OK, more pertinent e-mail to you arriving later tonight...

Subliminal Gary said...

I got myself all worked up to defend The Newsroom to you. Not because you're wrong about it, particularly, but because I was itching for a good, pointless fight.

Then I watched the last episode. Gods, that was bad.

Dezmond said...

Haven't seen the show, but based on the many reviews I've read, I don't have much interest. It is like I wrote in a recent post on my own blog, I resent being preached to by people who don't seem to fully understand the issues. As many people do from his political perspective, he approaches things too emotionally and with not enough thought or reason. I say that bsed on his work that I have seen, and from all of the reviews I've read, the Newsroom seems to do it evenly more painfully than his previous work.

ANCIANT said...

Urp, yes. Newsroom. Sorry. I'm trying to edit less so I feel more permission to just write--treat it more as a journal, I mean. The blog. But that leads to worser writing. It's all first drafts, I mean, spewed out quickly. So, there are casualties.

JMW--I'm not opposed to Irving; I haven't avoided him out of any deliberate distaste. I've just never had anyone push him on me (which is usually how I end up reading stuff). I know plenty of people who've read him and enjoyed him, though. And I know he's a huge Dickens guy; so I probably would like him.

Dez, what's really surprising to me is that much of what's bad about the Newsroom is NOT its political speechifying. I actually thought the episode where they went back and 'exposed lies' told during the just-passed newsyear had some great content. Not to say there aren't a lot of tedious sermons about subjects the writer either doesn't understand or doesn't bother trying to understand (probably the latter)--there are. But there was political sanctimony on the West Wing, and it didn't usually bother me.

Although the thing last night about the Scott Walker stuff in Wisconsin was deeply infuriating.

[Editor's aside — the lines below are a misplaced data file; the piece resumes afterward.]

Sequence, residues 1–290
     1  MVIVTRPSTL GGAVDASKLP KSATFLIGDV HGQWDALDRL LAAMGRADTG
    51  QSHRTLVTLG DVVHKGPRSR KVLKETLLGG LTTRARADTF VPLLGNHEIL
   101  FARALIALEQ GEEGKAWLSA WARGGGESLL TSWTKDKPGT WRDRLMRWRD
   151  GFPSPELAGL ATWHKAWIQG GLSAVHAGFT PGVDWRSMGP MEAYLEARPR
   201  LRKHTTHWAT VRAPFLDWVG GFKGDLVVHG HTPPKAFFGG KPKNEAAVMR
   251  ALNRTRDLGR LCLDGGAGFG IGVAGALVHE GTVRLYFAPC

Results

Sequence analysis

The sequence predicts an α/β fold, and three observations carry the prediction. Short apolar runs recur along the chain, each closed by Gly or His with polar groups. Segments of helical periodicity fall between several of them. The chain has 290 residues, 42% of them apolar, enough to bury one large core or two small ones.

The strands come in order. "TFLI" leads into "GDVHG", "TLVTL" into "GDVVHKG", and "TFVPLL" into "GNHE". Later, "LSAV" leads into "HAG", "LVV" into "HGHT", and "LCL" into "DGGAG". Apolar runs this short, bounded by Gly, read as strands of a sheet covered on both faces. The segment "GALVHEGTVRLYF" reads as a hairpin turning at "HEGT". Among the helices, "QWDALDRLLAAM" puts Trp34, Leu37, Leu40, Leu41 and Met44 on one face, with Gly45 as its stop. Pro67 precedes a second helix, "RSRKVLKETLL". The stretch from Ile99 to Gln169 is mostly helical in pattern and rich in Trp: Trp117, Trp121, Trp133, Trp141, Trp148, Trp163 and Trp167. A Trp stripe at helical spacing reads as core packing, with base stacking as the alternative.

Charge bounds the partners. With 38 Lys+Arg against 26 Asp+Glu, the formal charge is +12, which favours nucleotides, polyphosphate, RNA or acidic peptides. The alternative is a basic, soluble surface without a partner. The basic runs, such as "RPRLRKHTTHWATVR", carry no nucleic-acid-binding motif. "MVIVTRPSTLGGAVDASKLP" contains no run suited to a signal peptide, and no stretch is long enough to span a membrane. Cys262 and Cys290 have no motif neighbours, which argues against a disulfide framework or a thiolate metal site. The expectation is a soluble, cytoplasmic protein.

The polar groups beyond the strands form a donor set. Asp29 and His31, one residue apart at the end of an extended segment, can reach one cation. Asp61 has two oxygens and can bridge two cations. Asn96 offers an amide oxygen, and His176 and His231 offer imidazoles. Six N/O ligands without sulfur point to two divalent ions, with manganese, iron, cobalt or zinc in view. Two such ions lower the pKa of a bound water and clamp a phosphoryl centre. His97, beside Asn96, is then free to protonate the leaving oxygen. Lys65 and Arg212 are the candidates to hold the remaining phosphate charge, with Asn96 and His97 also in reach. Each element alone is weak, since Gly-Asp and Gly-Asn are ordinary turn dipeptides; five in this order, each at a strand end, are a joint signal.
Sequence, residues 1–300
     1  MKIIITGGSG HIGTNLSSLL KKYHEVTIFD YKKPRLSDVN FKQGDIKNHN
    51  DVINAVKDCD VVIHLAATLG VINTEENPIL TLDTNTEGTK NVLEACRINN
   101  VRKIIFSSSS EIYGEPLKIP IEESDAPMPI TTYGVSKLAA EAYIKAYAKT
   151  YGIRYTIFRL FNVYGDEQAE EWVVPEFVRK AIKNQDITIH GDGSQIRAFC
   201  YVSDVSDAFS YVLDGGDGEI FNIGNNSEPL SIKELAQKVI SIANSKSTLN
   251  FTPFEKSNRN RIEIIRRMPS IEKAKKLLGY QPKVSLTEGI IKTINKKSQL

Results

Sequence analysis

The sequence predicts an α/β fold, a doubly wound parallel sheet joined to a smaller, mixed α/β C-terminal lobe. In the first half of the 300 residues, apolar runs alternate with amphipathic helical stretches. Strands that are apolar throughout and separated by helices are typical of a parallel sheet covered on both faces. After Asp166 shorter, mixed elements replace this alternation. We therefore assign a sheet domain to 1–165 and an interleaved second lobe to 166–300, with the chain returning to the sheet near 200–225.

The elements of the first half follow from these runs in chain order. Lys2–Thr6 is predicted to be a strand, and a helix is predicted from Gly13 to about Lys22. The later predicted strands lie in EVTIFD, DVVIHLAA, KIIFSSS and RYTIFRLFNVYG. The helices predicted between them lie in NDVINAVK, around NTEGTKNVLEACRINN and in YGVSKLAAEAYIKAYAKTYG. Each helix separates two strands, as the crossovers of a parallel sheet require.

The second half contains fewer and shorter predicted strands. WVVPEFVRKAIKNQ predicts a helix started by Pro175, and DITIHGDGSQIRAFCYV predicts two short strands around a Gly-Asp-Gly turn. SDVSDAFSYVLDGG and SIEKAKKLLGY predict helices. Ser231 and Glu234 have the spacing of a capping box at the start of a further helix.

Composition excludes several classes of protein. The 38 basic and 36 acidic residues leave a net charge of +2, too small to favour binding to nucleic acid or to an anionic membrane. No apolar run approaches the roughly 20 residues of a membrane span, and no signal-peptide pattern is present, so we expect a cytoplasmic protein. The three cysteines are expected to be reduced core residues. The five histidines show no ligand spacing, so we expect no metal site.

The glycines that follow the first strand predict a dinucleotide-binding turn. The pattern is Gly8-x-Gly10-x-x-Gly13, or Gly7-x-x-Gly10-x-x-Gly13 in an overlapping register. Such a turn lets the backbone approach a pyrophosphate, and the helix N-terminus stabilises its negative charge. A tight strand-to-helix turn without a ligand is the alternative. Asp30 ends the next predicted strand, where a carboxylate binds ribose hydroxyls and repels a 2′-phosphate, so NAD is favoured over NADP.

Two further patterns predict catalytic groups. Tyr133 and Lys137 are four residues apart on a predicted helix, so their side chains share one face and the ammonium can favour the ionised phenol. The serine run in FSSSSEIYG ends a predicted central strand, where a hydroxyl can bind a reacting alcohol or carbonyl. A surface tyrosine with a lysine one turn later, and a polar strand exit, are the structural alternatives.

Anyway, the political banality of it is not at the core of what makes it frustrating. And 'frustrating' is really the operative word. As I said, if Sorkin were just putting out the usual network pablum, I wouldn't bother being upset about his writing. The frustration is that he's so good at certain types of writing, it makes his glaring failures at others all the more irksome. He's like a pitcher who can throw 108 MPH, but can't throw strikes when he needs to.

I think success may not have helped him, either. I wouldn't be surprised if the folks at HBO have more or less let him do whatever he wants. Too much leeway might not have helped him.

JMW said...

"I think success may not have helped him, either. . . . Too much leeway might not have helped him." The list of people/artists about whom I would say this is a long one. But he's done good stuff recently enough (Social Network) that it still seems odd. But that was a collaboration, so maybe that helped.

Please keep writing freely. You can always change "Network" to "Newsroom" after an annoying person like me points it out. Small price to pay.

ANCIANT said...

I realize, btw, I keep saying that it's bad but not saying exactly what makes it bad--it's not the political speechifying, it's other stuff, as much, but what other stuff? It dispirits me to anatomize all its many failings, so I have not done so. But they include having female characters who are made lovable by being stupid (the head producer can't do arithmetic without counting on her fingers); manufacturing ridiculous tension between the 'network honchos' and the noble reporters (a shouting match erupts b/c a network heavy INSISTS that the head anchor declare Gabby Giffords dead b/c all the other networks have done so); people constantly reciting their resumes to each other; people in work environments constantly having massively personal shouting matches about their love lives in front of everyone else; ridiculous ignorance on the part of supposedly senior newspeople (the head producer doesn't understand how BANKS work!); and on and on and on....